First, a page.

Marketfield Fund Manager Betting on Bear Market in Government
Earlier this month, we spoke with investors who are avoiding long-term U.S. Treasury bonds. Now we have come across one fund manager who is actually shorting Treasuries – basically, betting they will fall in price – and taking advantage of what he terms is the coming “bear market in government.”
Michael Aronstein is president and portfolio manager of the Marketfield Fund (MFADX), a $4.4 billion mutual fund that returned just over 13 percent in 2012 and 8 percent annually since inception in 2008. Aronstein wants investors to realize governments haven’t cut their debt the way American households have.
And government bond issuers with impaired balance sheets and the weakest underlying fundamentals have fallen first. Greece, Detroit, Egypt, and other government creditors are harbingers of a more widespread problem in the U.S. sovereign debt, Aronstein writes in his latest client letter.
As a result, his Marketfield Fund has “established meaningful short positions in long-duration government bonds during the past six months in response to this risk.” No one knows exactly when, but credit demand in the private sector will begin to crowd out government borrowing and prompt a rise in interest rates, he believes.
Marketfield CEO Michael Shaoul, in an interview, said any retail investor can copy this trade of shorting Treasury bonds, or betting the price will go down. The most popular route is via an exchange-traded fund called iShares Barclays 20+ Year Treasury Bond Fund (TLT). By “shorting” the fund, investors can take the position in their portfolio that U.S. long-term Treasuries will drop in value.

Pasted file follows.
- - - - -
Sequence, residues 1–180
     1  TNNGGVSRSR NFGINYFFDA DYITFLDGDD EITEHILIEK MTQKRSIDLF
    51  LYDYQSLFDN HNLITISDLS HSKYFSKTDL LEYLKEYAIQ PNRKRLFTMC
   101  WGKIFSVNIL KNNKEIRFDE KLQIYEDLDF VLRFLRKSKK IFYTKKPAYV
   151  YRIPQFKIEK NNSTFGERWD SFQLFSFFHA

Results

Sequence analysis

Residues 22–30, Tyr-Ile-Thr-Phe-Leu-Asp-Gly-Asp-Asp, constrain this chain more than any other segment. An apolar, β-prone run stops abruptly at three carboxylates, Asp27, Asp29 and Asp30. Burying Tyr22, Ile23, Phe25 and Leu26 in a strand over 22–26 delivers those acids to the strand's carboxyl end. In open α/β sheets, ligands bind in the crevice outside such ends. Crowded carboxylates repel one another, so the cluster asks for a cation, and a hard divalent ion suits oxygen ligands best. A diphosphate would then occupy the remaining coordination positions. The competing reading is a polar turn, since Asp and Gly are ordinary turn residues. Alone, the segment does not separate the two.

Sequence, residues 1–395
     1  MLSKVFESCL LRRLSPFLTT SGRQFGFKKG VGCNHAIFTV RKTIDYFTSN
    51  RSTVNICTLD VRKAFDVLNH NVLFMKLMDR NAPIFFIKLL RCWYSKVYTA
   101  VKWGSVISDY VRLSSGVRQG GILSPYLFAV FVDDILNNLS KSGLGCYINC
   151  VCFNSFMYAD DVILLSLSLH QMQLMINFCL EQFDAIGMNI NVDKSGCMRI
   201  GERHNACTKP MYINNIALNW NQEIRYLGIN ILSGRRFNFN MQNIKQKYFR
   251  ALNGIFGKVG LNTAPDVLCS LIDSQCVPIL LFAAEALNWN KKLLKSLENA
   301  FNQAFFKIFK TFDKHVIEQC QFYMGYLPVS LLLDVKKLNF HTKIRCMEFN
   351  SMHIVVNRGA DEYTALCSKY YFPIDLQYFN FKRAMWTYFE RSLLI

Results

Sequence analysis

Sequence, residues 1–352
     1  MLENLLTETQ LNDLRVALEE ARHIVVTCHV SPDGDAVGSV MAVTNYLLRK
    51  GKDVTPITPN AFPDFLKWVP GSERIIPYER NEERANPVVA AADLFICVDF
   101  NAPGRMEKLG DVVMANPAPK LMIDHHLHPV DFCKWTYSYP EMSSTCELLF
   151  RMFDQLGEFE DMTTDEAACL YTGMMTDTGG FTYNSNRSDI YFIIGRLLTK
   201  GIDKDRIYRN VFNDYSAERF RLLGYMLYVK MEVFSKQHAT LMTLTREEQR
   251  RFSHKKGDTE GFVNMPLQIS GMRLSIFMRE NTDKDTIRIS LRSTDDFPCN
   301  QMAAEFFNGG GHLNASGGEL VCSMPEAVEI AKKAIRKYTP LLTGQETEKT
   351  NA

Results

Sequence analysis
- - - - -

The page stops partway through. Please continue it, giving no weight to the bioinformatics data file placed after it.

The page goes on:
There are more aggressive and much riskier ETFs, such as ProShares UltraShort 20+ Year Treasury (TBT), which uses borrowed money to double up on the same bet. The fund seeks investment results that correspond to twice (200 percent) the inverse, or opposite, return of the daily performance of the Barclays Capital US 20+ Year Treasury Bond Index.
“We started shorting Treasuries in mid-2012, and it’s been comfortable short. It hasn’t put us under any pressure,” Shaoul said. The U.S. business climate is improving, and therefore the biggest risk for Treasury holders “is things going right [with the economy], not wrong,” he claimed.
Investors would likely then flee Treasuries, pushing the bond prices down. “Global economic data could very well surprise to the upside, the bond market misbehaves and overwhelms the Federal Reserve,” Shaoul explained. “The fact that they are targeting inflation and unemployment is very peculiar, and they have been wrong since 2009.”
Sophisticated investors can also buy put options on Treasuries – also wagers that the prices will go down.
From a timing perspective, the danger point for credit markets could be close at hand. Housing activity continues to accelerate, business investment is turning up, the U.S. government is resisting expenditure cuts and the Federal Reserve is continuing with policies that seem appropriate for the summer of 1932, Aronstein contended.
“The only mechanism that might change cavalier attitudes toward spending is the bond market,” Aronstein said. “If government remains on its current heading, fiscal discipline is going to be imposed rather than chosen. When we reach that stage, the volatility now associated with equities may migrate to fixed income markets.”
Marketfield Fund holds plenty of equities as well. Its top holdings as of Dec. 31, 2012, included BASF of Germany, iShares Dow Jones Transportation Average ETF, SPDR S&P Regional Banking ETF, iShares MSCI Mexico Index Fund, Eagle Materials and USG Corp.